Genocide in the Middle East

The Ottoman Empire, Iraq, and Sudan

by Hannibal Travis

Tags: International Law

Table of Contents (PDF)

648 pp  $72.00

ISBN 978-1-59460-436-2

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Genocide in the Middle East describes the genocide of the Armenians, Greeks, and Assyrians of the Ottoman Empire in the nineteenth and early twentieth centuries; of the Kurds and other persons living under Saddam Hussein in northern Iraq in the late 1980s; and of the Dinka, Nuba, Fur, Masalit, and Zaghawa peoples of Sudan from the 1970s to the present. It situates these crimes in their historical context, as outgrowths of intolerant religious traditions, imperialism and the rise of the nation-state, Cold War insurgencies and counterinsurgencies, and the global competition for resources and markets at the expense of indigenous peoples. This requires a more thorough investigation of the case law on genocide than has been attempted in the literature on genocide to date, including detailed accounts of the prosecutions of the leaders of the Ottoman Empire after World War I, of Saddam Hussein and other Iraqi officials after Operation Iraqi Freedom, and of President Omar Hassan al-Bashir and other leaders of Sudan by the International Criminal Court. Finally, the book explores emerging problems of genocidal terrorism, cultural genocide, and structural genocide due to starvation, disease, and displacement.

The field of genocide studies has grown rapidly in recent years, fueled by interest in the Armenian genocide, the wars in the former Yugoslavia and Iraq, and the widespread massacres in southern Sudan and Darfur. While several comparative studies of the Armenian genocide, the Holocaust, and other genocides have been published, none of them focuses on genocide in the Middle East and North Africa since the nineteenth century. This book provides a comprehensive history of genocide in the broader Islamic world, with a particular focus on the twentieth century. It is of interest to general readers, undergraduates, graduate students, academics, journalists, and legal professionals, and will be useful as a text for courses on International Law, International Criminal Law, Law and Religion, Middle East Studies, International Relations, Public Policy, Criminal Justice, or World History.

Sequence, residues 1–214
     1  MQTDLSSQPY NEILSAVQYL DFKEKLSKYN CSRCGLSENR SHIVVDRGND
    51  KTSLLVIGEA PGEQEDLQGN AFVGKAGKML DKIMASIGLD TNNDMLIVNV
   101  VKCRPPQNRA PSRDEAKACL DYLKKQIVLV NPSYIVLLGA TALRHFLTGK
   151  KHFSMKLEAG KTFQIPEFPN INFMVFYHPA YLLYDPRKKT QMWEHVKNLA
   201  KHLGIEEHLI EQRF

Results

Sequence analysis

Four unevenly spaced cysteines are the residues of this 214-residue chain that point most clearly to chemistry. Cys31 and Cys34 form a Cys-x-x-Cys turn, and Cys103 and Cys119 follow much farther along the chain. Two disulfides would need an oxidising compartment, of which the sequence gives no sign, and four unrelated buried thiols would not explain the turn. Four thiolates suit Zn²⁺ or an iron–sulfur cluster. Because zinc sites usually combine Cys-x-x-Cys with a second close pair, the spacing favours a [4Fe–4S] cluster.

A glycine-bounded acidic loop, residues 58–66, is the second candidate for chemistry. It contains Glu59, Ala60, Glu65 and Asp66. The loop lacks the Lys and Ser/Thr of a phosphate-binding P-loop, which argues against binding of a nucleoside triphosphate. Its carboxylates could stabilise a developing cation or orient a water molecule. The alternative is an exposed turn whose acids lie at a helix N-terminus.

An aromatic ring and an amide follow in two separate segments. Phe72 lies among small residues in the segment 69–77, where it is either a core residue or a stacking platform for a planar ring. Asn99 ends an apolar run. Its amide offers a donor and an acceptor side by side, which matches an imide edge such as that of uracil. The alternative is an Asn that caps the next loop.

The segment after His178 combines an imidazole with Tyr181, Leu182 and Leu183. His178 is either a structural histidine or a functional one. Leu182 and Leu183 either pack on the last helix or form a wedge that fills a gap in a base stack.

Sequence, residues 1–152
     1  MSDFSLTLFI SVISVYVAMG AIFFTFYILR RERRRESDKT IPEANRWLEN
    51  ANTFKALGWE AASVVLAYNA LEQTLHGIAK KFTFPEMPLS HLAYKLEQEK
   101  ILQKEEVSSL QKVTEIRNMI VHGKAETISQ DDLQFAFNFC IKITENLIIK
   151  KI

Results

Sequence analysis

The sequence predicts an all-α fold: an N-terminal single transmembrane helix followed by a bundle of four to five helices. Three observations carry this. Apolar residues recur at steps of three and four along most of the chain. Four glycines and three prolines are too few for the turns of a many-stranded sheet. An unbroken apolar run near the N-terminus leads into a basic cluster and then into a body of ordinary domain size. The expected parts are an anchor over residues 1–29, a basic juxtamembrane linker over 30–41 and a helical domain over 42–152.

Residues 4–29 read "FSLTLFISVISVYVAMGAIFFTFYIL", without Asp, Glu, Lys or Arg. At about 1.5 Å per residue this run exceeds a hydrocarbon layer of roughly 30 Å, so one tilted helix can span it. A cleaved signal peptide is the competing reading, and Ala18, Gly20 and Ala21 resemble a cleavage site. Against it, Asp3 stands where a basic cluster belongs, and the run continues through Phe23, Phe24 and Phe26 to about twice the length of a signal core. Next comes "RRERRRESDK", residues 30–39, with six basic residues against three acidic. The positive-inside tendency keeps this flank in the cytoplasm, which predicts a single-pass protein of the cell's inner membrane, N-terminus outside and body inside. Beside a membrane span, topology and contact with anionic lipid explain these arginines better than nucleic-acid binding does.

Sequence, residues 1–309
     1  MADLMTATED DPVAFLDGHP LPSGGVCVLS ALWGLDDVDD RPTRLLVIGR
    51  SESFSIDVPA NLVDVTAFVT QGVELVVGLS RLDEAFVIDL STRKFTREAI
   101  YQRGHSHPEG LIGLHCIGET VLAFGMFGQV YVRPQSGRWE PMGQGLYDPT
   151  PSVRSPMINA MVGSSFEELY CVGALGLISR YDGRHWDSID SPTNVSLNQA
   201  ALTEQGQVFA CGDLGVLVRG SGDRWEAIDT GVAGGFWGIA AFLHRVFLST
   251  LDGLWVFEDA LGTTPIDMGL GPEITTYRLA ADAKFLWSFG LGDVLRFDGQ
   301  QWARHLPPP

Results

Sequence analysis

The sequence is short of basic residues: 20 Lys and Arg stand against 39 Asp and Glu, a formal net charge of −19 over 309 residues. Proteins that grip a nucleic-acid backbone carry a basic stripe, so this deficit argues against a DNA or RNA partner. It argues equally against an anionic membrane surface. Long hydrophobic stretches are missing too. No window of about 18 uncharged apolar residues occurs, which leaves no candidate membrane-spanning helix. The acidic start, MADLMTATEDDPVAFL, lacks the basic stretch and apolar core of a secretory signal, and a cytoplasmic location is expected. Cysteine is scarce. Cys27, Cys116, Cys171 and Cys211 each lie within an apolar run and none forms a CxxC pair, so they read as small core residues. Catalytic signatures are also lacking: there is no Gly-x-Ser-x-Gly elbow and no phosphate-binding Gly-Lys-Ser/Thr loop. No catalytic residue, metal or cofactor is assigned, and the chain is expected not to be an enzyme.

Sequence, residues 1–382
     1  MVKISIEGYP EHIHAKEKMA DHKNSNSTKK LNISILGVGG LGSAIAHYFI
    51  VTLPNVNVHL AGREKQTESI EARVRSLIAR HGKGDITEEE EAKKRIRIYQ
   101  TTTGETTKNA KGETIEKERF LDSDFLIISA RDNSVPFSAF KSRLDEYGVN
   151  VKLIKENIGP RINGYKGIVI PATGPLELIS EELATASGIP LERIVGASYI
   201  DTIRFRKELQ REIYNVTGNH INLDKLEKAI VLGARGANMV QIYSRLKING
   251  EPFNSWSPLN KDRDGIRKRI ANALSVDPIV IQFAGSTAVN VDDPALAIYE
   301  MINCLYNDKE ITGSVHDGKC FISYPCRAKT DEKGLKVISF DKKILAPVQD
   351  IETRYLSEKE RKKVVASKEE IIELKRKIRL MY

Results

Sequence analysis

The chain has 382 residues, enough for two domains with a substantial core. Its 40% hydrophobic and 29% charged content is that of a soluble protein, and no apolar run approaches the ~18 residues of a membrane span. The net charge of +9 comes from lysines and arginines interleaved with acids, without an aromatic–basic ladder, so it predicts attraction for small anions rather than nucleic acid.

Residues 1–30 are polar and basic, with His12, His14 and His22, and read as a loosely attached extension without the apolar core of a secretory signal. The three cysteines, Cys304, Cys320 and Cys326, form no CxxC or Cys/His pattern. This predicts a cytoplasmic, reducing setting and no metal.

"The comprehensive research is breath-takingly evident. This historical account of the lesser know genocidal conflicts is incredibly revealing. Perhaps the best thing one could say about this book is that the familiar adage—'Those who ignore history are bound to repeat it'—reverberates throughout this intensely engaging volume." — ASIL UN21 Newsletter

"This ambitious book in its research and coverage tells a sorry tale of mankind's inhumanity and intolerance over millennia of genocidal deeds and rhetoric. A fast-moving narrative reaches from biblical times to Darfur, describing tragic events accompanied by selective quotations from their participants and observers. Genocide may be a recently invented term, but its occurrences based on a variety of causes and reasons seem to have been a deep part of the human experience of group interactions." — Henry Steiner, Professor of Law, Emeritus, Harvard Law School, and co-author, International Human Rights in Context: Law, Politics, Morals (Oxford and New York: Oxford University Press, 3d ed. 2007)

"In Genocide in the Middle East, Hannibal Travis breaks new ground in genocide studies by unveiling the full panoply of genocidal processes in the Middle East and West Asia as no previous scholar has. But he does much more: in terms of its twentieth and twenty-first-century coverage, this is simply the most expansive, detailed, and up-to-date history of genocide we possess." — Adam Jones, Associate Professor, Political Science, University of British Columbia Okanagan, and author of Genocide: A Comprehensive Introduction (London: Routledge, 2006)

"Professor Travis' study of genocide, and the contribution he makes for a better understanding of the Assyrian one, is an invaluable event. … This is not a book of sociology, but of historical review and analysis. As such, it deserves the highest of accolades." — Journal of Assyrian Academic Studies